Last Friday, 250 miles above Earth, astronauts Christina Koch and Jessica Meir completed the first all-female spacewalk and successfully replaced a broken battery charger on the International Space Station as their four male colleagues remained inside the station.
It was not the first time that women had been on a spacewalk, or an extravehicular activity (EVA) in official NASA speak. The first-female American EVA included Kathy Sullivan who walked with a male colleague on Oct. 11, 1984.
Almost 35 years to the day later, the United States has finally claimed its first all-female EVA. Koch had been on three previous spacewalks, but it was a first for Meir. It was also the first spacewalk conducted without a male astronaut for any nation as the pair spent five hours outside the station, climbing hand over hand and getting a lift from a robotic arm.
The monumental walk has taken months to complete, but not just because of necessary preparation or trainings. The historical female walk was planned for March with astronaut Anne McClain partnering with Koch, but the space-station only had one functioning, medium-sized spacewalking suit that fit the women, so McClain was replaced by their male colleague, Nick Hague. This time, both women had functioning suits that fit properly and were able to exit the station safely.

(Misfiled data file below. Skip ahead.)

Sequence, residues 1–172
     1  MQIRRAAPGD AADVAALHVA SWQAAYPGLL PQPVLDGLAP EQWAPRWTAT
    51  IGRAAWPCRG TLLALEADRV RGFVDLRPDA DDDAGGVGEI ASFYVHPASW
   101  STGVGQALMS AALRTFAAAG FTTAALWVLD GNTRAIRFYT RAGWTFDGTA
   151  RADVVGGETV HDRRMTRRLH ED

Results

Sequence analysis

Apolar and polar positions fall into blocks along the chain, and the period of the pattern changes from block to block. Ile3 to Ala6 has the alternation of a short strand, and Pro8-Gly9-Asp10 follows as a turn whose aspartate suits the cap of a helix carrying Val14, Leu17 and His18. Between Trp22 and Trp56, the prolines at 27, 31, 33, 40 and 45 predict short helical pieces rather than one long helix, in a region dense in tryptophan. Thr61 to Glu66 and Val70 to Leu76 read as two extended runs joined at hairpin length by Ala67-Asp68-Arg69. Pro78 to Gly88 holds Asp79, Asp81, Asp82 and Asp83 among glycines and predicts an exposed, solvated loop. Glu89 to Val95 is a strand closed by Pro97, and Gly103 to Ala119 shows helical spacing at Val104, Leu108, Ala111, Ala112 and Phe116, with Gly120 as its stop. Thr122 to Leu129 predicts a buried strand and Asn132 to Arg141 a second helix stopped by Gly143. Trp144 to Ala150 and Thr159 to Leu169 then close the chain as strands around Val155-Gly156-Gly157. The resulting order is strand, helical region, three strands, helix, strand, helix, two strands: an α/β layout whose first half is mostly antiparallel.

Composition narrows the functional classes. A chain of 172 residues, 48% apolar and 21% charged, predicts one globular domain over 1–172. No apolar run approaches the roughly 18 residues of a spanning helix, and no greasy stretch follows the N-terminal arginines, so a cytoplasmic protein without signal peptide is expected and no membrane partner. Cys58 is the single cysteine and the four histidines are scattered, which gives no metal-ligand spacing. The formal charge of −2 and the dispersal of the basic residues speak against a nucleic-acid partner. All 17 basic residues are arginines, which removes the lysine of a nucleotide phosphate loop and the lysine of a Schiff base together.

Friday morning’s spacewalk reinforces the need for advocacy and support for women in STEM education. Koch, an electrical engineer, and Meir, a biologist, are breaking antiquated gender barriers within the STEM fields with each space step they take. Women have been in space for decades, but this all-female walk is a reminder that large steps toward space equity and a more female-forward future begins with the relatively mundane matter of more suitably sized suits.